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Lecture 4

PSYC18 - Lecture 4.docx

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University of Toronto Scarborough
Michelle Hilscher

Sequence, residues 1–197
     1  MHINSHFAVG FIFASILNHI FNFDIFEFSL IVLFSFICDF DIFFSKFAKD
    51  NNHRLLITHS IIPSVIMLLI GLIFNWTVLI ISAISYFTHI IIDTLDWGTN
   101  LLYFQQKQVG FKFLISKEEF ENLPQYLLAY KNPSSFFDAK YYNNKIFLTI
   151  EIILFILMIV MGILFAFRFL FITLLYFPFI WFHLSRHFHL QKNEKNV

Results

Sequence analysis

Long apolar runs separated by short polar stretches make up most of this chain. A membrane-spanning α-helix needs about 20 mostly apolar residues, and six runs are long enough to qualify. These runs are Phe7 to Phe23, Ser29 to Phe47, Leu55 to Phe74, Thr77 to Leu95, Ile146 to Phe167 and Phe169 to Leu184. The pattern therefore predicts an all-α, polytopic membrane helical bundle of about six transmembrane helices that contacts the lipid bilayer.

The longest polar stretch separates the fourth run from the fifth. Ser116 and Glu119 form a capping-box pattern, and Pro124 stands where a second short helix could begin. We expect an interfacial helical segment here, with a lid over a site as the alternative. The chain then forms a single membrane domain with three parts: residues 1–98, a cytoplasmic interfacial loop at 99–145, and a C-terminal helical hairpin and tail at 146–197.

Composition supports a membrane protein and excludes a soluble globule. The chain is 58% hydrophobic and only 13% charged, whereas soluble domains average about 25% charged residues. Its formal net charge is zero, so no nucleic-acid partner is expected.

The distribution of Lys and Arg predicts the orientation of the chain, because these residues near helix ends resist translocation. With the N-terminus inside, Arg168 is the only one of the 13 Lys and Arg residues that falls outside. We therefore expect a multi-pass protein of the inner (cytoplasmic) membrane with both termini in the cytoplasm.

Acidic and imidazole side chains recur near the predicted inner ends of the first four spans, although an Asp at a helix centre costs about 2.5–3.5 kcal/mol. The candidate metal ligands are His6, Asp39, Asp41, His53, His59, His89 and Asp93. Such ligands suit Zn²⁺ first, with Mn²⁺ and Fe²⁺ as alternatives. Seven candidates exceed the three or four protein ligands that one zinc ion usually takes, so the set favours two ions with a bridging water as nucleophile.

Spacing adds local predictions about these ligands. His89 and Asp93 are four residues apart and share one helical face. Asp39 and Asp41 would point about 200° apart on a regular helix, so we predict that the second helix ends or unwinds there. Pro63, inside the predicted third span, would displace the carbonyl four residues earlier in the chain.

PSYC18 – Lecture 4 Prof’s Speech - Purple Slide 2 - Natural selection – anatomical and psychological characteristics change over time - Natural selection happens when: o There is within species competition o There is within species differences – physically/anatomically, essentially the phenotype o Phenotype tied to genotype – the physical is related to genetics - Environment favours some heritable variations over others - Emotional expressions are adaptations o They are actions that helped our ancestors survive  i.e. crying is form of communication that we use now, it is a way of asking for help, also when we cry – tears coat our eyes, which protects them (biological aspect)  i.e. disgust – facial actions today are socially useful, it communicates that something is distasteful, unpleasant, unsanitary  i.e. lip biting – communicates social conflict between individuals, regret, desire to appease, in the past – it aided with grooming o They coincided with emotions that our ancestors felt - Evolution and culture o Primitive urges shape culture  We need to maintain social bonds o E.g. language o Culture controls primitive urges  Culture controls social bonding o Culture changes but sometimes our bodies and minds can‟t keep up – there are limits to evolutionary adaptation  Culture changes quickly – we are not equipped to keep up  Ex. Hardwired to want sugar – even though culture tells us to cut back o Overcrowding on subway – makes us uncomfortable but culture is changing and overcrowding is a new norm Slide 5 - Undeniably, emotions are evolutionarily significant - Evolutionary psychologists: o Emotions help us survive o If we feel fear, we avoid direct threat  Disgust: we avoid disease/contamination  Sadness: we feel motivated to replace a partner who passes away  Anger: felt when goals are threatened  Happiness: felt when things are going to plan, aids in social bonding  Surprise: felt when there is something novel or unexpected - 6 basic emotions o Fear o Disgust o Sadness o Anger o Happiness o Surprise - Complex emotions that promote social bonding o Complex emotions: guilt, love, jealousy o Complex emotions are reliant on other people being present o Evolutionary perspective:  Complex emotions are accounted for not because they aid with survival, but because they aid with reproductive urges and propagating genes Slide 6 - An evolutionary perspective implies: o Emotions are the same across generations o Emotions are the same across cultures o There is universality in what triggers emotions, how they are experienced, and how they are recognized - Yet, a wealth of evidence shows that emotions, emotional expressions, and emotional disorders differ by generation and by culture o Certain emotions happen in one culture and not others o Differences in emotional disorders cross-culturally - Perspective is limiting in terms of how emotion is defined - Emphasis on valence – good vs. bad emotions, positive vs. negative Slide 7 – An evolutionary perspective is limiting - A broader definition of emotion suggests that o Emotions are not so clear-cut - There are shades of different emotions, i.e. sadness – there are different ways of feeling emotions, but they receive the same label - Contradictory emotions – i.e. bittersweet o Evolutionary perspective assumes that we are passive – emotions happen to us  Emotions bring about certain things  We are the authors of our emotions  We make active choices to emphasize emotions Slide 8 – What is Culture? - Andre Malraux (French Novelist): o “…the sum of all the forms of art, of love, and of thought, which in the course of centuries, have enabled man to be less enslaved”  * sum of forms of art - Matsumoto and Juang (psychology version): o “a unique meaning and information system , shared by a group and transmitted across generations, that allows the group to meet basic needs of survival, pursue happiness, and well-being, and derive meaning from life”  *shared by a group, pursuing happiness and well-being Slide 9 – Culture involves… - 1. Objective, explicit elements o i.e. architecture, clothes, food, art o concrete elements, palpable o products of culture - 2. Subjective, implicit elements o i.e. ideas, theories, psychological processes, thoughts and beliefs Slide 10 – Psychological processes can be… - Etics o Consistent cross-culturally – universal o General emotionality o Basic felt emotions – similar across cultures and generations - Emics o Culturally-specific, context dependent o Emotions: different antecedents, intensity, expression  Antecedent conditions lead us to feel emotional  Intensity can also vary between cultures  Some may hypercognize certain emotions over others (emphasize)  Some may hypocognize certain emotions (ignore, not talked about)  How emotions are expressed is variable  How you choose to let others know is culturally contingent o Some emotions are specific to some cultures Slide 11 – Western Attitude Towards Emotions? - Keltner, et al. – assessment of Western culture reveals an implicit ambivalent attitude about emotions o implicit ambivalent attitude – it is under the surface, not thought about consciously  ambivalent – we are undecided about emotions  sometimes we trust emotions, sometimes we distrust them - “We make mistakes because the easiest and most comfortable course for us is to seek insight where is accords with our emotions.” o We make errors because we feel emotional o Emotions are the best guide to ourselves - “There can be no knowledge without emotion. We may be aware of a truth, yet until we have felt its force, it is not ours.” - Reasoning is something you should idealize - Emotions are in our thoughts Slide 13 – Non-Western Attitudes towards Emotions - Are attitudes in other countries like ours? - Separation between emotion and cognition? - Idealizing of one over the other? - Presumably – there is cross-cultural difference - However, first we will look at universality more closely Slide 14 – Ekman, Sorenson and Friesen (1969): - Testing the reliability between cultures to recognize emotions - Preliterate tribes of New Guinea o No experience with Western media o Shown pictures of Americans showing emotions o Successfully recognized American facial expressions underlying six basic emotions o Tribes were able to label the emotions correctly - Vice-versa: Photographed New Guinean expressions o Americans successfully recognize New Guinean facial expressions underlying six basic emotions - There is continuity in emotional recognition for 6 basics Slide 15 – Apart from Facial Expression Recognition - Universality in Emotion Antecedents? - What triggers emotion? Same triggers cross-culturally? - Do similar events = similar emotions? - Boucher and Brandt (1981) o United States and Malaysia o Describe what elicits the 6 basics o i.e. what scares you? What disgusts you? o Looked for patterns in conditions that triggered emotions – i.e. losing someone would trigger sadness, snakes trigger fear o Subsequent labelling showed… - Antecedents lead to certain emotions – continuity is seen - Continuity in antecedent conditions for 6 basics Slide 16 – Psychological themes that Elicit Universal Emotions - There are particular things that bring to mind basic themes/things that bring emotional experiences regardless of culture - 1. Accomplishing a goal o Leads to happiness o Culture dependency: whether happiness is accompanied with pride or guilt - 2. Failing to accomplish a goal o Causes negative emotions o Culture dependency: intensity of negative emotion and type (anger vs. sadness) - 3. Being kept from something you desire or want o Negative emotion o Culture dependency: intensity of frustration or anger, how you choose to express (could keep it inside, or project) - 4. Being sickened or repulsed by something o Causes disgust - 5. Sensing danger caused by the unexpected o Causes fear - 6. Acknowledging something new or novel o Causes surprise